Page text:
Roulade... that sounds fancy doesn't it. I'm a little embarrassed to admit that I have never tried to roll anything inside meat before. It sounded delicious and it looked beautiful, but it seemed too intimidating.
I am now educated.
Had I known how easy this really was I would have been rolling meaty things long ago. It starts with violently beating an innocent piece of meat, and turns into something delicious... how can that be bad?! I know it sounds wrong, but I think this process will be my new mental coping mechanism for dealing with difficult people. Just imagine turning that mean spirited neighbor into a beautiful roulade. I feel better already!

This month I joined up with my friend and fellow blogger from Three and a Half Stones To Go to prove that holiday fare doesn't need to be filled with fat. Skinnygiving was a huge success!!

We limited our event to 4 dishes to prevent obnoxious amounts of leftovers. She created an amazing Brown Rice Stuffing with chicken sausage and apples and was so good. She also made a Crustless Fat Free Pumpkin Pie which I remade for a group tonight and they DEVOURED it. The bowl was literally scraped clean.

I tackled the green bean casserole and a dish to rival any turkey.
Spinach & Walnut Chicken Roulades with Pan Gravy
4 chicken breasts
1 package spinach
1 tbs garlic
1 tsp oil
Crumbled blue cheese
1 cup chicken broth
1 tablespoon cornstarch
Place chicken in plastic wrap and use a rolling pin or saute pan to pound the chicken nice and flat. Season with salt and pepper and set aside.
In a saute pan add the oil and garlic, add spinach in handfuls and allow to wilt.
Then you start the fun assembly.
Divide your spinach into 4 segments. Each flattened breast gets one quarter of the spinach, some blue cheese and walnuts. This next part seemed intimidating before, but it's so simple. All you need to do is start rolling one end and secure with a toothpick.

Add the rolls to a heated pan (that you sprayed with olive oil) and allow them to get nice and golden on all sides. Cover and let cook an additional 5-10 minutes until the chicken is cooked thoroughly. Remove from pan and add the chicken broth. Bring to a boil and be sure to scrape the pan so your gravy will include all the delicious flavor left from the chicken.
In a cup whisk the cornstarch with cold water. Slowly add this mixture into the boiling stock. Whisk constantly until thick. Serve chicken topped with gravy.

The other dish I tackled that evening was a skinny green bean casserole. It was delicious and I promise to share it soon. For now I'll be dreaming of excuses to make these dishes again.

Have you made a roulade before?

Wednesday, November 9, 2011

Curried Butternut Bisque

I love this recipe because it is uses a lot of free exchanges. You can read more about it in my original post about butternut squash. In the meantime you must try this cold weather escape.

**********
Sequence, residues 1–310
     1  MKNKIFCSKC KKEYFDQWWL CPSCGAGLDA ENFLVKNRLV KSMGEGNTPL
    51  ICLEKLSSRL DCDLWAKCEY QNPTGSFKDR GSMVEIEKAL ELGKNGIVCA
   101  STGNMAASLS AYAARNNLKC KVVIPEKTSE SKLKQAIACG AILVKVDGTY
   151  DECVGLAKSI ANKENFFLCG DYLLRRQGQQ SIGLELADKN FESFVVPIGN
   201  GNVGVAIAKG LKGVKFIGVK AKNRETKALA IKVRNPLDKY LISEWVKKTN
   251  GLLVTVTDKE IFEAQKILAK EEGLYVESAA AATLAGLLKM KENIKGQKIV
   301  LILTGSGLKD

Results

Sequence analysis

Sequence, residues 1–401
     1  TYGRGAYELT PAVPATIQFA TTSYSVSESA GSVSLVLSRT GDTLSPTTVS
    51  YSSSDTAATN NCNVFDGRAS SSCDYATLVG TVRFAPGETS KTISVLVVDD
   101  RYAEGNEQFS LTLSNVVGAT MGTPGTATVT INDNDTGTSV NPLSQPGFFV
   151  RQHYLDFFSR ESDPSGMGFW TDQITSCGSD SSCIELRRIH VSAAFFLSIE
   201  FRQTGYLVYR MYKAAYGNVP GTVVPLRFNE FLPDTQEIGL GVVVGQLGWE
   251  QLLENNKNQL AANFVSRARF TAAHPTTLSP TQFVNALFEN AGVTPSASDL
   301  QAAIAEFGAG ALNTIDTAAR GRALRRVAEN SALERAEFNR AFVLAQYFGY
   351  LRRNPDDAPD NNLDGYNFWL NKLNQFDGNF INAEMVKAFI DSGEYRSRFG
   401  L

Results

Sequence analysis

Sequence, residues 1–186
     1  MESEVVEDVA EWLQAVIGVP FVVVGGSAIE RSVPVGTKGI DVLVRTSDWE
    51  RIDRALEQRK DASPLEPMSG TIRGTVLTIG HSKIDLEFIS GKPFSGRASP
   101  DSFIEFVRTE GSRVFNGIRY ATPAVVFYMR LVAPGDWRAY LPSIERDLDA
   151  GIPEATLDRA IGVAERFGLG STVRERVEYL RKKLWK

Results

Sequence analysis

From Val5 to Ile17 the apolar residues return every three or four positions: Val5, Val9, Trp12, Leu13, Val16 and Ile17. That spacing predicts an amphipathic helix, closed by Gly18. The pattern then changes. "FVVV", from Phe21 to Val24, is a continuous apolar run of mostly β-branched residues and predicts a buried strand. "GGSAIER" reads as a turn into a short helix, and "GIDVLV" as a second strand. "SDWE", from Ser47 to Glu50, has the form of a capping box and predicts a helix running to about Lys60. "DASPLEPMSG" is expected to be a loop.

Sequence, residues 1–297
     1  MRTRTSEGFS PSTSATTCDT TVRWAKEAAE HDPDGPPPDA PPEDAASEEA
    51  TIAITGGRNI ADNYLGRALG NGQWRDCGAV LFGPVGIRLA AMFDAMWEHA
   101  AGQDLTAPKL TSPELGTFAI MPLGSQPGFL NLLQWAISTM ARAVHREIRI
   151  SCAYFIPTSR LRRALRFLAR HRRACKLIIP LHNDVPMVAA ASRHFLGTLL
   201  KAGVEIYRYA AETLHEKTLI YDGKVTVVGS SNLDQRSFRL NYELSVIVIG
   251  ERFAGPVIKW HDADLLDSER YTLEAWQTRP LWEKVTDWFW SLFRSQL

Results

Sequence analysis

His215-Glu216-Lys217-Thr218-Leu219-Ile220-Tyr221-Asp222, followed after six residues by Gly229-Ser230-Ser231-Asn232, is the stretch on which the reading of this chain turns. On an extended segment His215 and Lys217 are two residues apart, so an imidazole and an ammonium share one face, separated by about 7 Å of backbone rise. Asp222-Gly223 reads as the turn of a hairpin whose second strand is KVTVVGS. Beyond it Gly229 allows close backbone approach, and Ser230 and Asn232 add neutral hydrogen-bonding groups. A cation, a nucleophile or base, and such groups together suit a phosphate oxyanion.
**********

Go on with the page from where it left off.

It's weird to look back and see how much I trouble I had with butternut squash, and compare it to how much I crave it now.

Curried Butternut Bisque
1 cup leftover roasted butternut squash
1 cup water
1 tsp chicken boullion powder
2 tbs shredded unsweetened coconut flake
3 tsp chopped ginger from the jar
1/2 tbs curry
2 tsp cumin
1 tsp olive oil
Combine leftover squash and water in a blender. I used the Magic Bullet and it was indeed magical. Blend until it resembles baby food and there are no visible chunks. Heat the ginger and coconut in olive oil in a small sauce pan for a few minutes. Pour in the squash blend. Add boullion, curry, cumin and stir until heated through.

Serve with 1 tbs fat free sour cream (free exchange) and enjoy.

What other ways do you enjoy butternut squash?

Tuesday, October 25, 2011

Latin Inspired Quinoa

What is Quinoa?
Well I just learned how to say it recently. It was rather embarrassing and the grocery store clerk looked at me as though I was speaking another language. For the record the correct way is ˈkiːnwɑ. I know this because she said it several times...and looked it up to make sure she wasn't a trickster.
Quinoa grains contain essential amino acids like lysine and good quantities of calcium, phosphorus, and iron. It's an ancient "grain" native to South America and was once called "the gold of the Incas," who recognized its value in increasing the stamina of their warriors. It has been shown to do many things including reduce migraines (due to it's high vitamin B content) and provide cardiovascular health. It's also gluten free!
Moral of the story is that it's good for you! Don't believe me read more here, here, and here.

Latin Inspired Quinoa
1 cup quinoa
2 cups chicken broth
3/4 cup chopped cilantro, fresh of course
1/2 cup chopped scallions
2 tablespoons lime juice
Salt to taste
Chopped tomatoes
Chopped green chiles
Chopped cucumber